The question for the development’s placemaking team (and for many other regeneration projects) was how to modernise the site while still retaining a connection with its past. Battersea Power Station is a vital part of London’s history; how could they tell that story in fresh ways that would draw visitors, engage residents and honour the crucial role the site played in powering huge swathes of London for decades? The answer was The Heritage Trail – a compelling app experience comprising location-based entertainment, a bespoke game for families and an Augmented Reality (AR) experience – a blend of the familiar and the novel.

Here, we worked with the placemaking team at Battersea to enable visitors to experience a development site in creative and original ways, e.g. using AR to give the public access to parts of the historic and iconic site that are physically inaccessible. As part of the trail, the public could use their smartphones to see a 3D representation of the site’s original magnificent Art Deco control rooms, in a seamless segue between the real world and the virtual that keeps Battersea’s history and majesty alive.

Alongside the more traditional placemaking methods, Battersea understood that the redevelopment deserved something fresh and innovative; storytelling that offers an active rather than a passive experience. The approach to placemaking was holistic from initial strategy through to operations, the physical and digital spaces considered as one from the very beginning, and forming part of Battersea’s overall placemaking strategy.

Find out more about The Heritage Trail app for Battersea Power Station

2. Engineering: Rolls-Royce

Calvium has been working with Rolls-Royce – a firm that’s always had innovation at its core – to deliver operational systems at speed.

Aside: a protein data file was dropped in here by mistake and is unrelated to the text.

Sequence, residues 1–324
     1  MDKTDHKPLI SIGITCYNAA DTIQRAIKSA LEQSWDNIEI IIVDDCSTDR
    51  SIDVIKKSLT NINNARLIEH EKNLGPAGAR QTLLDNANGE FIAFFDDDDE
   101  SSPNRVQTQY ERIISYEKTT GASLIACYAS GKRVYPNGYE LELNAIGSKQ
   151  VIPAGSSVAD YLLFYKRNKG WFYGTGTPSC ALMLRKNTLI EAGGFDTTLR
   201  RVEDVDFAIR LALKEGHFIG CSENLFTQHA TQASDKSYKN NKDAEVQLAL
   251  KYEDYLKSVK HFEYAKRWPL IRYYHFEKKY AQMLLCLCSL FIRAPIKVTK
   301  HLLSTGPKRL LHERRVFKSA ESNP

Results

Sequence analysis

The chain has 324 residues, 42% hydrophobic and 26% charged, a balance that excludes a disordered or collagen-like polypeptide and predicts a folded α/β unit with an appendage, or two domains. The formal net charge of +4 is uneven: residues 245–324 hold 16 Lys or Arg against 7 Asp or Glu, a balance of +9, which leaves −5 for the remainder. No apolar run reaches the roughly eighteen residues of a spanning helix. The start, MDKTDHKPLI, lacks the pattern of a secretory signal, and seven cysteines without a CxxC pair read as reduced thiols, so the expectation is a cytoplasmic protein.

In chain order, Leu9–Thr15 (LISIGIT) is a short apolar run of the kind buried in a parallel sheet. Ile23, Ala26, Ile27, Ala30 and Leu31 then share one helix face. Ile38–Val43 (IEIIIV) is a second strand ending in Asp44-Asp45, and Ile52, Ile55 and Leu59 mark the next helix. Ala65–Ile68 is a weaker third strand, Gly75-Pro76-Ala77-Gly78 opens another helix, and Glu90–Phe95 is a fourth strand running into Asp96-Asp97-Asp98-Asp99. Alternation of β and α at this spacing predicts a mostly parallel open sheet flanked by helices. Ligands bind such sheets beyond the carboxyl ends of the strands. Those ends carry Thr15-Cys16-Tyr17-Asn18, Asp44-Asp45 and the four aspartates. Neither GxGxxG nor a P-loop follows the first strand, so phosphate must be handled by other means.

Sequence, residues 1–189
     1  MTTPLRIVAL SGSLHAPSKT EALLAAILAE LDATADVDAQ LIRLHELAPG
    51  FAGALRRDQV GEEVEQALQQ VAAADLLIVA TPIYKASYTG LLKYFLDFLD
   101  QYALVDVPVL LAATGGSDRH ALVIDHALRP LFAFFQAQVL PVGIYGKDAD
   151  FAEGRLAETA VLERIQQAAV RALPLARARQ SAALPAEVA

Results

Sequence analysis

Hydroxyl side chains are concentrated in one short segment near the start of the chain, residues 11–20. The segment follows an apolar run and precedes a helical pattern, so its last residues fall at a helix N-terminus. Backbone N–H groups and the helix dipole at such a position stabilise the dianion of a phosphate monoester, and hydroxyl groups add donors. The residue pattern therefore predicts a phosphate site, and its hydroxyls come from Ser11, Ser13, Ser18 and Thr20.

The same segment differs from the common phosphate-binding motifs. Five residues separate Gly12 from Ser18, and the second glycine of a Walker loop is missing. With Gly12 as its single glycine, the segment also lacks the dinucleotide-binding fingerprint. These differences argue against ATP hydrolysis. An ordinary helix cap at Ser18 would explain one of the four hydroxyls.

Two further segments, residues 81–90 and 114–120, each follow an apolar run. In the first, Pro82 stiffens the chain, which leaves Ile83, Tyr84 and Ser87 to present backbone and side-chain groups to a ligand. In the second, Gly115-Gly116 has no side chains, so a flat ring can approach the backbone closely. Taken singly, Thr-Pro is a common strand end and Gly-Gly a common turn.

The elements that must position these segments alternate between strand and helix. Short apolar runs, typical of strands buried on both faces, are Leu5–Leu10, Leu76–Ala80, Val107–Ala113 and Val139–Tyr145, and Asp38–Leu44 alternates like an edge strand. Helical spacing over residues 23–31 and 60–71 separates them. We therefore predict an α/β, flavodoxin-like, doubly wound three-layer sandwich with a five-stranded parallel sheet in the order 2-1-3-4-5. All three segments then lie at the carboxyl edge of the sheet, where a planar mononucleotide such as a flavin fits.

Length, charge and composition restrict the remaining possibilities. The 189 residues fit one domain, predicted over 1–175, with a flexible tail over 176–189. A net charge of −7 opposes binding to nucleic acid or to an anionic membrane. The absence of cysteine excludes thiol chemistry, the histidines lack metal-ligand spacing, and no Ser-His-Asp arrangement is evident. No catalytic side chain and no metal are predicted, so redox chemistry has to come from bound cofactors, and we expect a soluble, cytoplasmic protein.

App tech is at the heart of the firm’s operations. Within their Digital Innovation programme, Calvium contributes to their App Factory which allows Rolls-Royce employees to suggest new apps for their team or the company that will help them to fulfil their roles more effectively and efficiently. The concept of the App Factory is simple, but the impact on the business has been far reaching. By allowing pockets of innovative change within the business, Rolls-Royce has streamlined process but also inspired other areas of the business to think innovatively, too.

So far, the Digital Innovation programme has created apps that assist with design engineering, fault diagnosis, asset management and data visualisation. One such tool was the Engine Network initiative: essentially a social media-style app that historical data on all of Rolls-Royce’s engines. This allowed team members to make more informed decisions on maintenance, and, via a built-in recommendation engine, to see what preemptive maintenance solutions were suggested for individual engines.

By constantly assessing process and delivery, and thinking digital-first when looking for solutions, Rolls-Royce has built a hugely valuable asset to the business as a whole. Understanding that innovation doesn’t always have to grow internally, they have highlighted a group of technology specialists that can help them achieve their goals.

As Caroline Gorski, Director of Global Ecosystem and Partnerships at Rolls-Royce says: “If we are going to be more innovative, adaptive, flexible and successful in the future markets, then partnerships are crucial. Delivering value from data innovation is pivotal to Rolls-Royce’s digital strategy but we can’t do it all by ourselves in a vacuum.”

“In short, we need to bring the extraordinary capabilities of our organisation to the market alongside the extraordinary capabilities of some other organisations. Building an ecosystem with those partners, being outward-looking and very positive about the benefits that can come from a collaborative development process is critical to our future success.”

By building a platform for innovation, the firm can now plan and deliver innovative change in an incredibly short space of time, fostering a culture of digital innovation across the entire company.

Learn more about our work with Rolls-Royce

3. Research: Hidden Florence

Visit any city and you’ll find walking routes, apps, tour guides and open top buses that take you on a whistle-stop tour of the city’s main tourist attractions and sites of historical interest. But how might digital technologies enable us to convey a greater sense of Florence’s past and present? One way is for visitors to navigate the city through a modern map and a fully responsive sixteenth-century map, equivalent to a Renaissance street-view on their smartphone. On top of that visitors can explore and engage with the city as a lived experience, ably guided by the voice of Giovanni, a wool worker from that period.